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. Last Updated: 07/27/2016

The Man Who Has Met Everyone

Talking with Sir Peter Ustinov is an unnerving experience. It's like talking to a charmingly erudite version of that man in the pub who knows everyone and has done everything.


"Been to Tibet have you? I gave that Dalai Lama a lift once. Hitchhiking to Birmingham he was. No, honestly."


Unlike that man in the pub, Ustinov is someone you're happy to be cornered with to hear him tell true tales of an extraordinary star-studded life and family.


Most famous as an actor -- he has won two Best Supporting Actor Oscars for "Spartacus" and "Topkapi" -- Ustinov is also a successful playwright, novelist and director.


Housed in the National Hotel since early October, Ustinov is in Moscow wearing his director's hat as he shepherds the Bolshoi Theater's new production of Prokofiev's opera, "The Love for Three Oranges," which opens Nov. 11.


His years of storytelling in his one-man stage show were evident in an interview last week. Ustinov weaved languid sentences about the people he has known and the many things he has done, jumping from appearing on "The Muppet Show" to being summoned by Mikhail Gorbachev to Moscow.


Having directed various operas in Salzburg, London, Milan and Berlin Ustinov said he was interested in "The Love for Three Oranges" because "it requires a kind of fantasy they seem to think I'm capable of mustering."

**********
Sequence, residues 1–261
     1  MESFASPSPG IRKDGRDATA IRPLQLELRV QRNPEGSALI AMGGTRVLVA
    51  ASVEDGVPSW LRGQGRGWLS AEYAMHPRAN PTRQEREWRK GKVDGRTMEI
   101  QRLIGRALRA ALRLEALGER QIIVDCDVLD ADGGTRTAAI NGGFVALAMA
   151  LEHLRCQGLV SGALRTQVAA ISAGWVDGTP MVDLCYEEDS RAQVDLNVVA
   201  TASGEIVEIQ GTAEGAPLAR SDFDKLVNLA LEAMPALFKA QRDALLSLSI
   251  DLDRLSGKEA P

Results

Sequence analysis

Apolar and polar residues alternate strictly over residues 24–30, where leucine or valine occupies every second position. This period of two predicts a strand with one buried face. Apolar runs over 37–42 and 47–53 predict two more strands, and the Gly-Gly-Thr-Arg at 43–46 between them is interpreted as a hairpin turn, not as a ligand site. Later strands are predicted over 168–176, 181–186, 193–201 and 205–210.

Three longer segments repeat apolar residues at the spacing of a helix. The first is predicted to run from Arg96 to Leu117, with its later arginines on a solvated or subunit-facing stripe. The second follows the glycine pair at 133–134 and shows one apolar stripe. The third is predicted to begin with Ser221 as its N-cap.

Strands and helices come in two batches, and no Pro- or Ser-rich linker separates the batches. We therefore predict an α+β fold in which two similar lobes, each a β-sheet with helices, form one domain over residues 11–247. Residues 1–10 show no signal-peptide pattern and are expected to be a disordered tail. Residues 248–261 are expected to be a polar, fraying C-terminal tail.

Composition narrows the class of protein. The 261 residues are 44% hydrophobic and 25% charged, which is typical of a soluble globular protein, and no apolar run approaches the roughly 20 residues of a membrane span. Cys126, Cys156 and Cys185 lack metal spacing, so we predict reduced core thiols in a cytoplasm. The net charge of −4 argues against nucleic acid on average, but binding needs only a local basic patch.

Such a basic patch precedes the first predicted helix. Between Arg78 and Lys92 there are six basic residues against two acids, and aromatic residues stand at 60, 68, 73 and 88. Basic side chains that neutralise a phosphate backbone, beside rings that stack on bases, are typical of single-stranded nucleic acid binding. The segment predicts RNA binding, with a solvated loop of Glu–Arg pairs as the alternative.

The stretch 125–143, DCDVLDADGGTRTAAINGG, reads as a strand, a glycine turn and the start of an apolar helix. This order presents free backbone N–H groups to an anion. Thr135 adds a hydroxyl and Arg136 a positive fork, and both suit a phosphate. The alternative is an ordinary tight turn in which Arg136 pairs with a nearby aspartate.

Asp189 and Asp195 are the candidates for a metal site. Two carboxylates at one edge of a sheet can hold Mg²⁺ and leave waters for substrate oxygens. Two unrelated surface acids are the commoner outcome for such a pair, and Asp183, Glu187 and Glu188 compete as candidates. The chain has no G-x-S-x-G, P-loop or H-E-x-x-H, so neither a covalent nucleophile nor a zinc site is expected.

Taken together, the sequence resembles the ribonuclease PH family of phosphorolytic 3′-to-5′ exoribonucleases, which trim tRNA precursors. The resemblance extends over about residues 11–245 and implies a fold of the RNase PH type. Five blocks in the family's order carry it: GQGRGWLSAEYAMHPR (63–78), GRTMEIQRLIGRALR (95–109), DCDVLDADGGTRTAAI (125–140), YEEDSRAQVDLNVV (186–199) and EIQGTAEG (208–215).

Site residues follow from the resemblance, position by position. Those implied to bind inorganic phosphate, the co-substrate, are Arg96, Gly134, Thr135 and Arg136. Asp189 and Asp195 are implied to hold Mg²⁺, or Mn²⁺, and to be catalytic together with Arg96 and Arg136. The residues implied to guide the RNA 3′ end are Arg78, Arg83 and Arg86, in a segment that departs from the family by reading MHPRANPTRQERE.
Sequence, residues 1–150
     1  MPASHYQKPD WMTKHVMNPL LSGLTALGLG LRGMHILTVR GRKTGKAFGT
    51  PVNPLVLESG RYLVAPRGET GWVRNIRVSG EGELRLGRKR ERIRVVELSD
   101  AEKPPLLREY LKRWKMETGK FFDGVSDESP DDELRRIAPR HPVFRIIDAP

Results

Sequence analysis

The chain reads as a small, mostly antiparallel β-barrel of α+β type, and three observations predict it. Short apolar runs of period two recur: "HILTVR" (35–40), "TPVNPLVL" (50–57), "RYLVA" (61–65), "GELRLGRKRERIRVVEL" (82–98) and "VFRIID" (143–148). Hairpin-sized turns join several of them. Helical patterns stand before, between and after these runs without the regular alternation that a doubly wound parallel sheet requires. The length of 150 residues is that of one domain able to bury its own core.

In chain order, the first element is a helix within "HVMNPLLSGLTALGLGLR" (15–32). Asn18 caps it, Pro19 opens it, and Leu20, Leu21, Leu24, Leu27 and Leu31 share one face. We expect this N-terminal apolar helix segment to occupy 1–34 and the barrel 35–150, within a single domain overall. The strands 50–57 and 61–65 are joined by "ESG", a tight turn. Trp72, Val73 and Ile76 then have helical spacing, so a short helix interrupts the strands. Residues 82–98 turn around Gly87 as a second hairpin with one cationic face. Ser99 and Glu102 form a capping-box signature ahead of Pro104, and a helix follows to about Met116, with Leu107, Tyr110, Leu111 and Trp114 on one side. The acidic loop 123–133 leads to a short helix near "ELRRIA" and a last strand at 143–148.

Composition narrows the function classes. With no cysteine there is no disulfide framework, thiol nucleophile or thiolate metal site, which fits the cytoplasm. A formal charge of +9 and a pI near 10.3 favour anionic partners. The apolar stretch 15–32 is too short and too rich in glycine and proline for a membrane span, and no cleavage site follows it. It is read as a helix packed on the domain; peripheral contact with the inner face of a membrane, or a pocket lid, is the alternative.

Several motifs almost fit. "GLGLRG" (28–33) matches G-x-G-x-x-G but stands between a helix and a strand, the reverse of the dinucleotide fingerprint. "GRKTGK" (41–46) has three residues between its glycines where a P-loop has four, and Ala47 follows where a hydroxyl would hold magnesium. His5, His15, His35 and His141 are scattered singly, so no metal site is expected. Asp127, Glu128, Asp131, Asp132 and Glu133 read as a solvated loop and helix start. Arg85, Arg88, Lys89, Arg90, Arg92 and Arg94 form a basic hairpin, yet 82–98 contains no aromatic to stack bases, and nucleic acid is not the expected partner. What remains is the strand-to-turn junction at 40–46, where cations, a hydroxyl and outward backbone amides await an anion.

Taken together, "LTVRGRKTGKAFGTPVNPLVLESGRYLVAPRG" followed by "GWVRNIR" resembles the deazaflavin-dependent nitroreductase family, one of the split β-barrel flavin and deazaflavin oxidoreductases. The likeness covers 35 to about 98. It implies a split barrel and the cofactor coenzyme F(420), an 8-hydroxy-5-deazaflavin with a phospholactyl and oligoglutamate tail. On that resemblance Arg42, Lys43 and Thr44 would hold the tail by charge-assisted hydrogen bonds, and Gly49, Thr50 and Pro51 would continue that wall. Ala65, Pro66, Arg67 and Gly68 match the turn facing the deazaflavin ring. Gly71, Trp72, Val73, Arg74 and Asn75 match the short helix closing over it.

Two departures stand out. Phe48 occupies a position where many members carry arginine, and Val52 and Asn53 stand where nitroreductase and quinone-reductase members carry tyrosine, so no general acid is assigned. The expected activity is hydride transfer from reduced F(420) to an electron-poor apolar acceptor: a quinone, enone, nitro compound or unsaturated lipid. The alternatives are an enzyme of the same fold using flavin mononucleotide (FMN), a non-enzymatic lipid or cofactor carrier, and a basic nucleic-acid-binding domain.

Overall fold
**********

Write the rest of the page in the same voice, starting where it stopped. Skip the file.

The opera is a convoluted tale based on a play by the 17th-century playwright Carlo Gozzi.


"Its really a kind of fairy story about a prince who is sick, he's a hypochondriac and ... he's being slowly murdered by the prime minister together with the king's niece, who are lovers. The doctors say he's a hopeless case unless he can be made to laugh."


The parallel between the plot and the recent history of Russia and its ailing president is not lost on Ustinov.


"When the king is upset because the prince is a hypochondriac, it's awfully like the death of Boris [Yeltsin]," he said.


Any other hidden parallels were not acknowledged.


"The prime minister is a mixture of all sorts of imminent or past prime ministers. No, it's not Chernomyrdin as this prime minister is too open in his conspiracy," he said with a wonderfully arch look of conspiratorial glee.